California Saints was written for the 150 year anniversary of the Saints in California. It was written by Richard O. Cowan and William E. Homer and published by Religious Studies Center, Brigham Young University, Provo, Utah 1996. There are a few parts where the story told in this book, intersects with that of my family history, so wanted to mention these here.
In my family history, the first contact with California that I am aware of is William Ashton who served in the infantry from 1856-1861. As part of his duties he marched from the Northern part of California to the Southern. On another occasion he traveled from the Bay area south by steam boat. He was discharged in 1861 from Benicia; and from there returned to England, from where he immigrated in his old age, and went to live with his one surviving daughter Sara Ashton Beckstead, and is buried in the Whitney Cemetery. The book does not talk about this. But it does provide insight into a couple other family history contacts with California.
In the 1880s the Edmunds Tucker Act intensified persecution against the Saints, particularly those who were practicing polygamy. Many Saints left their homes and fled to California, some as families and some as individuals. Among those was Isaac Wardle, my great-great Grandfather. Often wives and families suffered, being left without any means of support.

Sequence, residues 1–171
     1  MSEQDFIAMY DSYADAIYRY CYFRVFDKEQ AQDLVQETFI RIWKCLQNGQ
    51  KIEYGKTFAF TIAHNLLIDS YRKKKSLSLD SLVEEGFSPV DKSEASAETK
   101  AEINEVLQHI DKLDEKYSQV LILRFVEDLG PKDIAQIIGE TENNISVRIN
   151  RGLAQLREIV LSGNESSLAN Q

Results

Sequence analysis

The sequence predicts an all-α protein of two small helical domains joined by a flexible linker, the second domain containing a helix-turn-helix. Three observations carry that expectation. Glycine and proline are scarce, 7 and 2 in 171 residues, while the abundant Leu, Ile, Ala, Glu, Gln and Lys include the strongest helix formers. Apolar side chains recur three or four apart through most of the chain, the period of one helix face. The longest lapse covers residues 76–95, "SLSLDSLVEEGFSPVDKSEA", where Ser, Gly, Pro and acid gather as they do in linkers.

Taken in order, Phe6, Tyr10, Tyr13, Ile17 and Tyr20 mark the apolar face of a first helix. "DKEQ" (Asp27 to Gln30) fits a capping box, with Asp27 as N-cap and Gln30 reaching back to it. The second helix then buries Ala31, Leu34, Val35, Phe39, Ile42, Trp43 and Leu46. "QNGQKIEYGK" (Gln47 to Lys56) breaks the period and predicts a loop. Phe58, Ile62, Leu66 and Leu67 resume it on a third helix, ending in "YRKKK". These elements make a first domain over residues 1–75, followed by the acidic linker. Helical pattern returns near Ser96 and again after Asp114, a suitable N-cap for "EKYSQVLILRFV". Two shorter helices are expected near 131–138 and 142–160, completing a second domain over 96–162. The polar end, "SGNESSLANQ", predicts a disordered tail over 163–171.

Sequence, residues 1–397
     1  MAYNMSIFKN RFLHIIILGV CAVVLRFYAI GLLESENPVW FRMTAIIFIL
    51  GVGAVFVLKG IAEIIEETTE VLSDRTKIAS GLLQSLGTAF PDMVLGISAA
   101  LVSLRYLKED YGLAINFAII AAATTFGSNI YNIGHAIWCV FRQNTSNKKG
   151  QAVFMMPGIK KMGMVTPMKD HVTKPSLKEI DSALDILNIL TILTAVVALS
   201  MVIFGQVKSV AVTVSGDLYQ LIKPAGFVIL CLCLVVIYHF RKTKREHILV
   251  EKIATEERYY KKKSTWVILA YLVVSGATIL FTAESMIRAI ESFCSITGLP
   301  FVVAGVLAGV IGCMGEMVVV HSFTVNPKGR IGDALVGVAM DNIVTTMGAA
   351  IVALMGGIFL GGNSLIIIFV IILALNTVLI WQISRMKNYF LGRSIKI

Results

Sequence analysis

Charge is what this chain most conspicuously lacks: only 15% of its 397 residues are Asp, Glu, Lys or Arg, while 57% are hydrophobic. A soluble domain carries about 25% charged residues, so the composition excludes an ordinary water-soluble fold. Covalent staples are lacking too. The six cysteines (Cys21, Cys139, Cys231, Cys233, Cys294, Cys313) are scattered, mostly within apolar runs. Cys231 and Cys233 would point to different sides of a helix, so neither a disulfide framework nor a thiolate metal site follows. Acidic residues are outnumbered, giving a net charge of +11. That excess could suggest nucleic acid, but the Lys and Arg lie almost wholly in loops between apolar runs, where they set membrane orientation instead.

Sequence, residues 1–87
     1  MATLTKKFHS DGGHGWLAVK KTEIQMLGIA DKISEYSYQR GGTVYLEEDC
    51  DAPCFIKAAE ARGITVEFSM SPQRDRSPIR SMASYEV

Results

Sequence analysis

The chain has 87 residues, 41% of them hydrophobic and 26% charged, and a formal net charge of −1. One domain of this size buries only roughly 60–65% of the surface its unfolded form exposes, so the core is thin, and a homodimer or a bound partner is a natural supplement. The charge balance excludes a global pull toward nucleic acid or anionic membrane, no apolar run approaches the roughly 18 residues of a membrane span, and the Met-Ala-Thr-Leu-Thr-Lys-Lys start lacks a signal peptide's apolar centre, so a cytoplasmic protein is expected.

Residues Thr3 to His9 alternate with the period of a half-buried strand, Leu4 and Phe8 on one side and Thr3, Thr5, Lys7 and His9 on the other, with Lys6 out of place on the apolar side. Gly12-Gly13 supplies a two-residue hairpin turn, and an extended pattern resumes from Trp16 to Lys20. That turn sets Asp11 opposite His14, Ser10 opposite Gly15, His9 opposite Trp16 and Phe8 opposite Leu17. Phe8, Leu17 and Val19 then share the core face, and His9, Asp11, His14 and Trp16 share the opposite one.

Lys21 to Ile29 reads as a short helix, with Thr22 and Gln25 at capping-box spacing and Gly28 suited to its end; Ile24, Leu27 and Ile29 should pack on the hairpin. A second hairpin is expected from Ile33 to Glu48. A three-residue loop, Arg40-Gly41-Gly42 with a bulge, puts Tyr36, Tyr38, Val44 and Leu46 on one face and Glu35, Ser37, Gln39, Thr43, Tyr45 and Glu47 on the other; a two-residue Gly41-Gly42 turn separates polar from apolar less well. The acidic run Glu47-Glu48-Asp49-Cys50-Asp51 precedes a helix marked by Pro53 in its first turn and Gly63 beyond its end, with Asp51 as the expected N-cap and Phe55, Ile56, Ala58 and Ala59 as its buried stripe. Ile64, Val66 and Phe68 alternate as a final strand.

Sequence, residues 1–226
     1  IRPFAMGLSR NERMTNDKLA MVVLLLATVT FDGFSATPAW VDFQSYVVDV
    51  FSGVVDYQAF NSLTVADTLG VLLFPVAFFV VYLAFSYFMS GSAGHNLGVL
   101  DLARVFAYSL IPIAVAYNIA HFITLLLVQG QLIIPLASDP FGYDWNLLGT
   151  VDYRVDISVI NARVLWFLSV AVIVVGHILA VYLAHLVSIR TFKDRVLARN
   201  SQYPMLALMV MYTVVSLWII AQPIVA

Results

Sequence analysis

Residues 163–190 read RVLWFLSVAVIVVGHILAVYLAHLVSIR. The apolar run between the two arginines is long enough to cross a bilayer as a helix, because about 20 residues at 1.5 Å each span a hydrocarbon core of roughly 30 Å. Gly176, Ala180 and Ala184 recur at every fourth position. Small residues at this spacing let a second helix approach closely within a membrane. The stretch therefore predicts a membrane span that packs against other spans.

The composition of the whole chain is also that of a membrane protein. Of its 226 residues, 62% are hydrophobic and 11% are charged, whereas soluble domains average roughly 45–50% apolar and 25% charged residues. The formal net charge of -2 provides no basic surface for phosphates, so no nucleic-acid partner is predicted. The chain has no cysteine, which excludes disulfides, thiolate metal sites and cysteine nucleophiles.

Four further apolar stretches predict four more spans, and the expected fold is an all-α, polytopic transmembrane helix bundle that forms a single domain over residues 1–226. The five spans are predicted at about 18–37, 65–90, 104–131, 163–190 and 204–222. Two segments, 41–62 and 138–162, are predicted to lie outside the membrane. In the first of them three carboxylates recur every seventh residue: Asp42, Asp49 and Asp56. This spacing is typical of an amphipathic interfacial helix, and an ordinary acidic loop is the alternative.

WWII also brought an influx of Mormons to California, some of whom stayed. My father was stationed on Treasure Island for over six months. Among other things he said the mutual in Berkeley was like none he had ever seen. He mentioned something in his writings I did not understand, having mother's day for someone. I thought perhaps it was a general or admiral's wife, but this book answered the mystery for me. "The servicemen brought wives, mothers and sweethearts to meet "mom and pop." For three years the LDS military personnel at nearby Treasure Island honored Sister [Anna] Patton on Mothers' Day with a special program. Over the years Anna compiled more than twenty scrapbooks of correspondence from servicemen as they scattered throughout the world."
Of course family members have made California their permanent home. I have lived here with my family since 1993. However Uncle Orrin, Leo and Vernal all brought their families long before this. I know Uncle Vernal lived in the Fresno area, Uncle Leo in the Bay area, working for the railroad during the war, and Uncle Orrin in Southern California. We have all been part of the growth of the Mormon Church in California, where there are now (as of 1996) more than three quarter million members and 162 stakes.